Pairs vs. Single Gliders
Can I get one sugar glider first and then add a second sugar glider later?
Sugar gliders are colony animals. In the wild, they live in colonies with 10-15 other sugar gliders. Each sugar glider plays a role that contributes to the colony’s safety and survival. One sugar glider may sleep lightly or remain awake to be the colony’s lookout. The lookout will alert others to danger by barking. In captivity, this role may rotate or the lookout may sleep later in the day. Another sugar glider may be the protector of the colony and go on defense if danger arises. Protective gliders in captivity may appear pouch protective or be the aggressor in a pair before bonding takes place.
After you understand how a sugar glider colony works, it is easier to see why you need more than one. In addition to the normal stress of rehoming from the breeder to its new owner, now the joey must adjust to life without a colony. A newly single joey may feel a threat to its safety and survival and will attempt to play multiple roles usually performed by a colony. As a result, the joey will not sleep as well and may become uncharacteristically aggressive or possibly lethargic. This can have a significantly negative impact on the bonding process. Additionally, an over-abundance of stress increases the risk of severe depression, bacterial enteritis (stress related), over-grooming, and/or self-mutilation (in rare cases). Obesity can also become a concern as single sugar gliders are less active and are prone to overeating due to boredom.
Starting in 2005, I started to collect data to determine if bonding with one sugar glider was more beneficial than getting two at once. Customers that bought one sugar glider to start the bonding process were considered single glider homes. These owners planned to add a second sugar glider within 60-90 days of the first sugar glider coming home. I compared these cases to customers that got two sugar gliders at the same time. I used a basic personality rating chart to rate the joeys’ personality in my care, and then had the customer give their personality rating number approximately every week as the joey goes through the bonding process. In 2/3 of the cases of single gliders, the joeys’ personality ratings dropped 2-3 points on a 5 point scale and they struggled to bond with their new owners within the first 60 days they were in the home. Contrarily, when the sugar gliders went home in pairs, 3/4 of the cases dropped 1-2 personality points within the same time frame and were showing positive signs of bonding within 2 weeks of being in the new owners’ homes. Additionally, when compared to those sugar gliders that went home in pairs, the cases of single sugar gliders going home had almost triple the vet visits within the first week that reported soft stools and/or diarrhea (a sign of stress in sugar gliders).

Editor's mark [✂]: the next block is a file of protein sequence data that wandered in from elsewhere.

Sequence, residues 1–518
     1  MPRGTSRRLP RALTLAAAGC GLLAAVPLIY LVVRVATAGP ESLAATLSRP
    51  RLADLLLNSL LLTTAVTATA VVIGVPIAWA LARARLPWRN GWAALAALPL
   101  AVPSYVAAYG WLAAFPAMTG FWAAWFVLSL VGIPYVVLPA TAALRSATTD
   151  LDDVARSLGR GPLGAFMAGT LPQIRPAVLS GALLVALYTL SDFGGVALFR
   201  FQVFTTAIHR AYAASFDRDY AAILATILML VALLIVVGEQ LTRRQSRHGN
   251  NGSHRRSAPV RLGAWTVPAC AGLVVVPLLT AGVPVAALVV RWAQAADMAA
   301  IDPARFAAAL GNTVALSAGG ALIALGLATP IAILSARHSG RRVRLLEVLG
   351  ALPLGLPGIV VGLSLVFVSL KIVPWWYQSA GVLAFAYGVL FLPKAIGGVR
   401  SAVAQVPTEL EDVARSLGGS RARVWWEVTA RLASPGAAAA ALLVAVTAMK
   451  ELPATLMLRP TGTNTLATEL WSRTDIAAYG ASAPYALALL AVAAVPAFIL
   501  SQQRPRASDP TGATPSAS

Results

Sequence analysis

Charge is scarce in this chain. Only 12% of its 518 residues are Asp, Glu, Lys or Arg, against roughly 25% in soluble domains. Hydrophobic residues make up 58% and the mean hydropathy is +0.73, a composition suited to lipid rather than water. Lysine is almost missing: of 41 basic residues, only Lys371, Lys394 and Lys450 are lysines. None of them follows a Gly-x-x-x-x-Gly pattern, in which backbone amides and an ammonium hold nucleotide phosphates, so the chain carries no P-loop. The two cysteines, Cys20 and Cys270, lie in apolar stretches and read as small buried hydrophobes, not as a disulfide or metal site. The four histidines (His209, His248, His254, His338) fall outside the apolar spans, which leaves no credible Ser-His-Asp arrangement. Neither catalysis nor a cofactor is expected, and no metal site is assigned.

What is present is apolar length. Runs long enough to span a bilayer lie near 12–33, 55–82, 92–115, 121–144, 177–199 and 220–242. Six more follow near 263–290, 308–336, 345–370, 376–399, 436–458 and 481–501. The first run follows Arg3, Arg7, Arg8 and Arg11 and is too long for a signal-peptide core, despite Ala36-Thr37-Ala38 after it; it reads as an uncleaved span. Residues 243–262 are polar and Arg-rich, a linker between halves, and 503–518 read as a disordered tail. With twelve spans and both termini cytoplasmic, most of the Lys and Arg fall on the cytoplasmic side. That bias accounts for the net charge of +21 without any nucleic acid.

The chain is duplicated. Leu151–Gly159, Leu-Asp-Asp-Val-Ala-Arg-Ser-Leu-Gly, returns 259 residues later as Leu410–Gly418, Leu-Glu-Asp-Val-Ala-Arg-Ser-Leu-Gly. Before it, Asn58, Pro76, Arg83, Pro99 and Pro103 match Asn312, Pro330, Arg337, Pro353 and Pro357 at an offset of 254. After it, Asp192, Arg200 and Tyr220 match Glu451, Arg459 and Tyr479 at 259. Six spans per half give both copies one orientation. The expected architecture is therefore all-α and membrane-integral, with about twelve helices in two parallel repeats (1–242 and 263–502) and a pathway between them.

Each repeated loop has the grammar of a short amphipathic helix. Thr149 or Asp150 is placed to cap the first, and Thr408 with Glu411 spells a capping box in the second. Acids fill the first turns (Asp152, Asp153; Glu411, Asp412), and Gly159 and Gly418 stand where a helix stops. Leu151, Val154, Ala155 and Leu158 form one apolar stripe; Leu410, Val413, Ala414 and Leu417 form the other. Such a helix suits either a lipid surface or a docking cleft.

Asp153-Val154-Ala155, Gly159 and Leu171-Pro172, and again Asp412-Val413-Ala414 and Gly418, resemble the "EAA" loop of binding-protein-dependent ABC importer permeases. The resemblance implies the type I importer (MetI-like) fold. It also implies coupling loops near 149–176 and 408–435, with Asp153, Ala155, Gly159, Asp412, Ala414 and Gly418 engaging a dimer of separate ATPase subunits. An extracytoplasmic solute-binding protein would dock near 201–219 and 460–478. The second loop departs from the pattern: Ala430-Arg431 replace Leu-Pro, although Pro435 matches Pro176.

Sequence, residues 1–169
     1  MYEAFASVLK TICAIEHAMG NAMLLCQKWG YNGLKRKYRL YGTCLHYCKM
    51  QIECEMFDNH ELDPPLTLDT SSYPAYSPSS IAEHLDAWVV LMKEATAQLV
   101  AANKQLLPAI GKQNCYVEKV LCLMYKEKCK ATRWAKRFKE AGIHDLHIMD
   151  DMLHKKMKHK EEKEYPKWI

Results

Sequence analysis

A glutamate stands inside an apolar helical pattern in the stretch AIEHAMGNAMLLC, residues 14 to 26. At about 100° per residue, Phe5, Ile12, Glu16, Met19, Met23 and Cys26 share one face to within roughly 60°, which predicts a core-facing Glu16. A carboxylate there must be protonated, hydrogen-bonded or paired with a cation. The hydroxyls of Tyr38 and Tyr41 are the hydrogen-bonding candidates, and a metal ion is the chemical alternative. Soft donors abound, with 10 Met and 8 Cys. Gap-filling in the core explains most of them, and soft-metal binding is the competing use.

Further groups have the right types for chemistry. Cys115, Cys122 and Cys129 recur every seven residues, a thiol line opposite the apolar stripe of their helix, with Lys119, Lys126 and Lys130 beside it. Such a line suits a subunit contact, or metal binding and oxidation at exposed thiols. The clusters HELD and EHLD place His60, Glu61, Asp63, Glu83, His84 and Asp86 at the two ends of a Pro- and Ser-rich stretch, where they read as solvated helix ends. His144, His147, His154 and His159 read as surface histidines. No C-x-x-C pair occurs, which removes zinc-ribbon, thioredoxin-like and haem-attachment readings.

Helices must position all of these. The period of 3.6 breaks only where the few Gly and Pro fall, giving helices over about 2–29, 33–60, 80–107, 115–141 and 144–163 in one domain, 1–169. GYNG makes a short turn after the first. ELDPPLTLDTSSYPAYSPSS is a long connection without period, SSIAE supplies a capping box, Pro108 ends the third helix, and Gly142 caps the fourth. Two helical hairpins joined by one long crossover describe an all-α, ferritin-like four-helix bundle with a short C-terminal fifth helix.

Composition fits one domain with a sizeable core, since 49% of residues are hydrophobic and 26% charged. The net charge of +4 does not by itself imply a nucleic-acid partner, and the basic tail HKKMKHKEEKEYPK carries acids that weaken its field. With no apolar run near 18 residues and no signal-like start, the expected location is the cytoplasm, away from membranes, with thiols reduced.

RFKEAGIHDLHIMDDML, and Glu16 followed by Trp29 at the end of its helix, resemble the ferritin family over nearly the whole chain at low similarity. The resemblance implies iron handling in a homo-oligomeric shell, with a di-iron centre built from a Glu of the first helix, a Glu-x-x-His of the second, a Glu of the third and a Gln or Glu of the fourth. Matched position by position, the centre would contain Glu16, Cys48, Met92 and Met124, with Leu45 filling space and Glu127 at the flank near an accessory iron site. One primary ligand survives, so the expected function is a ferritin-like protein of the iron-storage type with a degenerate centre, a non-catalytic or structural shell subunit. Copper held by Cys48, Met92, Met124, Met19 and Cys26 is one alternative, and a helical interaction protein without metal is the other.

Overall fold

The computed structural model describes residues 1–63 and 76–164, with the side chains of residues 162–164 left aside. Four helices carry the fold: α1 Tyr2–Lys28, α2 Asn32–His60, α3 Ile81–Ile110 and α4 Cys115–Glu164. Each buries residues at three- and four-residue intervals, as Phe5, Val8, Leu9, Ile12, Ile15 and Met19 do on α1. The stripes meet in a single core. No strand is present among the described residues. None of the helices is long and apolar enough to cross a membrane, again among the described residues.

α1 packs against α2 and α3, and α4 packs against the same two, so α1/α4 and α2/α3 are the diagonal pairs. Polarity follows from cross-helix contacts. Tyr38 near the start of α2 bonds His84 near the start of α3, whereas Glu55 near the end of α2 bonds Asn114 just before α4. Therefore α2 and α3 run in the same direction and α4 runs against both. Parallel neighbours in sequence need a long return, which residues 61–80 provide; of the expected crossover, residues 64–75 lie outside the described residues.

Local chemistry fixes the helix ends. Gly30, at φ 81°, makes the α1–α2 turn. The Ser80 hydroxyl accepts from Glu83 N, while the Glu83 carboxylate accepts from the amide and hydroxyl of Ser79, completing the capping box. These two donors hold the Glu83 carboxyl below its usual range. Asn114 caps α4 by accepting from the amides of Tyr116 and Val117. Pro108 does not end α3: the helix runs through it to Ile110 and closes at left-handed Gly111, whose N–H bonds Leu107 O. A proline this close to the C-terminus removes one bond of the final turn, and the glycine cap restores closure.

Based on the results, sugar gliders bond faster and overcome the stress of changing homes better if they go home in pairs as compared to getting one and then adding a second later.